Displaying 1 - 4 of 4 results
How ancient Assyria saved Victorian Bible scholarship
In August of 1847, the British Museum mounted the first major display of Assyrian antiquities in England. For a year, the public had pored over sketches from Austen Henry Layard’s Mesopotamian excavations in the Illustrated London News...
Bible Review, December 2001
Seductress, heroine or murderer?
For 4,000 years Lilith has wandered the earth, figuring in the mythic imaginations of writers, artists and poets. Her dark origins lie in Babylonian demonology, where amulets and incantations were used to counter the sinister powers of this...
Bible Review, October 2001
The Biblical Roots of a Persian Religion
The first world religion wasn’t Judaism, Christianity or Islam. It was Manichaeism. Today, even the name of this long-dead religion is unfamiliar. But its foundation story will not be—or at least not entirely. For here, Adam, Eve and the...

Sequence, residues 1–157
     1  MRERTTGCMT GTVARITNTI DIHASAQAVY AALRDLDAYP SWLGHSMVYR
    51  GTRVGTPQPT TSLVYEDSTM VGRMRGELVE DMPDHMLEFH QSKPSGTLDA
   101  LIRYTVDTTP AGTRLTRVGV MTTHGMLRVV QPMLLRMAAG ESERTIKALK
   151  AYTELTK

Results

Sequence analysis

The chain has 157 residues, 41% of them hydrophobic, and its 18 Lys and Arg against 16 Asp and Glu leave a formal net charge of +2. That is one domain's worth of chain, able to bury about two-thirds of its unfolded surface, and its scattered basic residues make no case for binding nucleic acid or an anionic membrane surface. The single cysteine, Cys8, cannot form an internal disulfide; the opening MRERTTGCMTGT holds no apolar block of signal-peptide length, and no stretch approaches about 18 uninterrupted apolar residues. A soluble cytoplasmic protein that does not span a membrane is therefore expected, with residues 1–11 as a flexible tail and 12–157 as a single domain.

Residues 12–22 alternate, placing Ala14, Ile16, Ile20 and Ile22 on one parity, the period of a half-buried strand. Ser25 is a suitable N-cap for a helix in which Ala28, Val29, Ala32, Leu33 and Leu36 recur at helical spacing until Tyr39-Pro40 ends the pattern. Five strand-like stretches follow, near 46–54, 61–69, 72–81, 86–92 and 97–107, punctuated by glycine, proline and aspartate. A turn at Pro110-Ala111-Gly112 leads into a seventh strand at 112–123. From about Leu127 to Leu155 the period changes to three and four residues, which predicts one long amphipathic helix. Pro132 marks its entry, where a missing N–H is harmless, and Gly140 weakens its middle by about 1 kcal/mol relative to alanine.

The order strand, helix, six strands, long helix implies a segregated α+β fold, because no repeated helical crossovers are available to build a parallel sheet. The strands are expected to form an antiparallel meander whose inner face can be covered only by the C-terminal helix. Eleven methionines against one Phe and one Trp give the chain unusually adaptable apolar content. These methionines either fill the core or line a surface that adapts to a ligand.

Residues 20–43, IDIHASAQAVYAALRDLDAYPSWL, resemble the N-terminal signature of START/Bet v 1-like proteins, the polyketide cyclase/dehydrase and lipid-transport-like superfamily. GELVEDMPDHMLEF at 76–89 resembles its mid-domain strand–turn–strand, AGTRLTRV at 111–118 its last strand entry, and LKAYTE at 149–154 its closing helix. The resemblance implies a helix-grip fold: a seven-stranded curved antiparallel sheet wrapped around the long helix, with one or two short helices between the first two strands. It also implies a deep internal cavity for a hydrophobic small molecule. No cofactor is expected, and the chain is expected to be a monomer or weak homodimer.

Bible Review, August 2001
How Mary became the Mother of God
Five million Christian pilgrims travel each year to the grotto of Lourdes in southwestern France, where the Virgin Mary is said to have appeared to a peasant girl in 1858. The map of Rome is spotted with churches dedicated to the Queen of...
Bible Review, June 2001